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UCSD Building Mock Ocean For Climate Research

United States
Ed Joyce

Scientists at UC San Diego received a $1.5 million grant to study how chemicals in the air affect the earth's climate. The first step is to build an ocean on campus.

The money will be used to create the Center for Aerosol Impacts on Climate and the Environment (CAICE).

The research at the new facility seeks to unlock the mystery of how what we put in the air affects the climate.

Kim Prather is the center’s principal investigator and an atmospheric chemistry professor who holds appointments in the UCSD Department of Chemistry and Biochemistry, as well as at Scripps Oceanography.

She said the project will use indoor tanks to create a small-scale ocean for experiments.

"Where we can basically simulate wind and waves and bubbles and all of the things you get from the real ocean but we'll be able to do it in a really controlled and understandable way, so that we can look at the impacts of the ocean on our atmosphere and our atmosphere on the ocean," said Prather.

Prather said until now this area of climate research has been conducted in labs, rather than real-world conditions.

She said the experiments at the new center may provide answers as to how chemicals in the air affect clouds and rain patterns.

Prather said an existing wave tank at the Scripps Institution of Oceanography will be modified and likely ready for the first experiments in January.

The new center will include research led by investigators in UCSD’s Department of Chemistry and Biochemistry and Scripps who represent fields ranging from fundamental chemistry to biological, chemical and physical oceanography.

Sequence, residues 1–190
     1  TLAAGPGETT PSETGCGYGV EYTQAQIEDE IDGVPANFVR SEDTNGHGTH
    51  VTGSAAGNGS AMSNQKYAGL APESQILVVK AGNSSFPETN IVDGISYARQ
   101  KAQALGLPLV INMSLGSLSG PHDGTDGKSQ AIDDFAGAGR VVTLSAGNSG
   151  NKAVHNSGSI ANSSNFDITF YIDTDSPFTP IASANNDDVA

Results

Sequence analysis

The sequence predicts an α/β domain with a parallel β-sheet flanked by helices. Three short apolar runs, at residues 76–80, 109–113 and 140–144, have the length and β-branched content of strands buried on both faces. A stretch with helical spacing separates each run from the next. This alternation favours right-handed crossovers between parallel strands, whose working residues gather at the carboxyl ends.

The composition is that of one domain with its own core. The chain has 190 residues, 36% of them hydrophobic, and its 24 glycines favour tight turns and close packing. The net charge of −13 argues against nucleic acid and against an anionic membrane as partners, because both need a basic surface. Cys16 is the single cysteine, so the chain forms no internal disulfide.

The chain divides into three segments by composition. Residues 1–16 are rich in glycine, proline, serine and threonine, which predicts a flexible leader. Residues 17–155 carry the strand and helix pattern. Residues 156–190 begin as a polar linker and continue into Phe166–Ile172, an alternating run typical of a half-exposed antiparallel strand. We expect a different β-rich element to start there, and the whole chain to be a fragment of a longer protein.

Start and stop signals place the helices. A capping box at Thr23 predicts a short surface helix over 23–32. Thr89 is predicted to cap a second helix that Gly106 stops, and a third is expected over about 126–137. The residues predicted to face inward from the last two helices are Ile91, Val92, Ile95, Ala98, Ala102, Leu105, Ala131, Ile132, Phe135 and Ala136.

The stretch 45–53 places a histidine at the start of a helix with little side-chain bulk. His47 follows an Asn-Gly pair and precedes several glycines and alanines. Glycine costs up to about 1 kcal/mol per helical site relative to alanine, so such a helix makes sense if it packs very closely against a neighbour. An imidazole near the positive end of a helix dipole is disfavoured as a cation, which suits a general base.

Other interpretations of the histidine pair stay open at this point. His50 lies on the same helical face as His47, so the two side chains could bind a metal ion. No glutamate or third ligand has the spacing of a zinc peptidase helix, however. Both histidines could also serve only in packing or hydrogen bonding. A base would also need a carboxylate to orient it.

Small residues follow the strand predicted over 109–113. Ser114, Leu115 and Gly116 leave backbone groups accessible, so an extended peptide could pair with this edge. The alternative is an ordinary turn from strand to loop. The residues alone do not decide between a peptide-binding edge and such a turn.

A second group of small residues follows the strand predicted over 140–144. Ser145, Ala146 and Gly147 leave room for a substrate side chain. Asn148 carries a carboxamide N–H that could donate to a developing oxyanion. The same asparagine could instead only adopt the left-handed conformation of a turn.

Co-investigators and advisors from the Department of Chemistry and Biochemistry include Timothy Bertram, Mario Molina, Robert Pomeroy, Francesco Paesani and Mark Thiemens.

Scripps co-investigators and advisers include Grant Deane, Lynn Russell, Lihini Aluwihare, Brian Palenik, Andrew Dickson and Veerabhadran Ramanathan.

CAICE will also feature an educational component that will be integrated into science education programs at Birch Aquarium at Scripps.

Prather said a key focus of the center will be to reinvigorate K-12 science education through environmental measurements.

The initial educational partners include Paul Ecke Central Elementary School in Encinitas and Castle Park High School in Chula Vista, two schools that are working with UCSD scientists to incorporate related marine and atmospheric studies into their science curricula, using the center’s outreach budget.

El contenido de las noticias que se presentan en esta sección es responsabilidad directa de las agencias emisoras de noticias y no necesariamente reflejan la posición del Gobierno de México en este u otros temas relacionados.


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